My Child is Diagnosed With Juvenile Dermatomyositis – What Should I Know by Dr. Sagar Bhattad

10 min read

By Dr. Sagar Bhattad, MBBS, MD Pediatrics
DM - Pediatric Clinical Immunology and Rheumatology, Aster CMI Hospital
7 years of experience

Juvenile Dermatomyositis

Children with a rash are not an uncommon sight. Frankly, we don’t give a second thought about it unless the rash is very evident or we know the medical condition. When it is your child suffering from such rashes all over their body, you ought to know more about the condition. While rashes in children are common, sometimes rare conditions such as Juvenile Dermatomyositis can be responsible for this condition.

Has your child been suffering from skin rashes for no valid reason? Did the doctor diagnose it as Juvenile Dermatomyositis? If you are nodding yes, then you are bound to be worried and unsure about what to expect. Here is everything you need to know about this rare disease that is affecting your child.

In This Article

What is Juvenile Dermatomyositis?

Juvenile Dermatomyositis, more commonly known as JDM, is an autoimmune disease that affects the skin, muscles and the blood vessels. It is not a very common disease. In fact, it is very rare and affects only 3 in one million children per year.

It shows up as a rash on the skin and some muscle weakness. The large muscles around the neck, shoulders, and hips are affected to such an extent that the child can even find it difficult to get up from a seated position- be it from the floor or even a chair. It can also make it difficult to climb stairs, get in or out of a car, or even do something as basic as brushing your hair.

JDM causes inflammation in the muscles and blood vessels. Inflammation is the immune system’s way of protecting the body from foreign invaders and infections. The immune system starts attacking the body’s muscles and skin, instead of protecting it. This happens when the immune system mistakes the muscles and skin to be foreign invaders.

It is an autoimmune disease, the reason for which is still unknown. It is seen to affect people of all ethnicities equally. However, it seems to affect more girls than boys.

How Common is Juvenile Dermatomyositis?

Juvenile Dermatomyositis is not a common disease at all. It affects less than 5 children in a million. It is common among children between the ages of 2 and 15. However, it is more common in children above the age of 7. There are also chances for it to continue into adulthood.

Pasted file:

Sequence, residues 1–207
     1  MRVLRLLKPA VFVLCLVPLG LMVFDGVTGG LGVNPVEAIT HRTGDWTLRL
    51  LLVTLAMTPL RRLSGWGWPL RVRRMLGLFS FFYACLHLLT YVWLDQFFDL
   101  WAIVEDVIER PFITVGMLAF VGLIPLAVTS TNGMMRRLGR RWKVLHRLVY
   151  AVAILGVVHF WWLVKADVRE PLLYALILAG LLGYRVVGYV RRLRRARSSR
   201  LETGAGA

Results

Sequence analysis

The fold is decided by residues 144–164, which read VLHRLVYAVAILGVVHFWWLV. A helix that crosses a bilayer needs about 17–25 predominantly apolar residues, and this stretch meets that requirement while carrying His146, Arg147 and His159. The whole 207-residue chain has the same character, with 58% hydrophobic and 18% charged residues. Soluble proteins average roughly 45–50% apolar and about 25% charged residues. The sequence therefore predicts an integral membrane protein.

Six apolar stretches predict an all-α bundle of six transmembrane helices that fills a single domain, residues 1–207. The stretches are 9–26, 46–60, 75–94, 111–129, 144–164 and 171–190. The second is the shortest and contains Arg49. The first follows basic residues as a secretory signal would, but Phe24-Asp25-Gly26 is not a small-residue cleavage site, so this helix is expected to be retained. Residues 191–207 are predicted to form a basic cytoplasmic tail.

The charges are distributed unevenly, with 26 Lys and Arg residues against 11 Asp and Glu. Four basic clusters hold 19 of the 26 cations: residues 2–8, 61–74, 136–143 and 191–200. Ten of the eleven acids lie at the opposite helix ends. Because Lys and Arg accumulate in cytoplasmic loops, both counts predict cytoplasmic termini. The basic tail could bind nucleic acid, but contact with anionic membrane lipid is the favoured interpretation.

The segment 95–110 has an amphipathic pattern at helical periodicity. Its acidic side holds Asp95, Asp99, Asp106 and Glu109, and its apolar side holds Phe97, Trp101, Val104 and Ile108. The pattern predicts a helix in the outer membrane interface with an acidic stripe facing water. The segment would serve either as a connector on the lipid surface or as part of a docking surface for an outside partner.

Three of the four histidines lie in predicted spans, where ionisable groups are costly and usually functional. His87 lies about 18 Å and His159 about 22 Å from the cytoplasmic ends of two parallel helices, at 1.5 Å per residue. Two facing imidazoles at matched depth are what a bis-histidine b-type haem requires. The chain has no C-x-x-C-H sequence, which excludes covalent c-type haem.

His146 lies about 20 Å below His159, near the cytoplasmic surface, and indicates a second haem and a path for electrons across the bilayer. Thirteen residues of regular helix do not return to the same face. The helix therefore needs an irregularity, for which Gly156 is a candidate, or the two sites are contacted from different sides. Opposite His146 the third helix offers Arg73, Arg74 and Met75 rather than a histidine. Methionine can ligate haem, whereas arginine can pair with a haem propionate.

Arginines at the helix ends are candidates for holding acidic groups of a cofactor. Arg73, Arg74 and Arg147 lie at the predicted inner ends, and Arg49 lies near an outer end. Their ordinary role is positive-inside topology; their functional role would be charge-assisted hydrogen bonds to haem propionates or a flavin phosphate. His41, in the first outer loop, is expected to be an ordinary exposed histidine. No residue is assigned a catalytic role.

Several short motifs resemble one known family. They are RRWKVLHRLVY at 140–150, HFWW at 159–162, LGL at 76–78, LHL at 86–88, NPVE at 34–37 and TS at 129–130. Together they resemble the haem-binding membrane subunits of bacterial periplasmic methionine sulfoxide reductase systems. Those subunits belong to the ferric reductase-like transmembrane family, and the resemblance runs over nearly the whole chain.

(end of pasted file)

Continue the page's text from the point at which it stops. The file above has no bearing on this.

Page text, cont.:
Some studies suspect it to be seasonal as it seems to be more prevalent in the Summer and Spring seasons.

Causes of Juvenile Dermatomyositis in Children

cause of Dermatomyositis

Juvenile Dermatomyositis is classified as idiopathic inflammatory myopathy because the exact causes are still unknown. While some researchers suspect it to be seasonal, some doctors believe it could be environmental. Exposure to certain environmental factors like a virus or an infection can affect young children.

As of now, the only known fact about this disease is that it is an autoimmune disease where the immune system attacks the body instead of protecting it. This happens when the immune system mistakes the healthy cells for foreign invaders and tries to protect the body from these assumed “invaders”.

There can be certain “triggers” that can start the immune system on this self-destruction journey. Unfortunately, the immune system may not stop once the trigger ceases to exist.

Symptoms of Juvenile Dermatomyositis in Children

Symptoms of Juvenile Dermatomyositis

Though JDM affects the muscles and prevents children from doing many of their regular activities, it does not cause much pain. If there is severe pain in the muscles, most likely it is a symptom of some other health issue that has similar symptoms. JDM causes the muscles to “weaken” and occasionally “pain”.

So, what are the tell-tale signs that your child indeed has Juvenile Dermatomyositis? Here are a few to watch out for.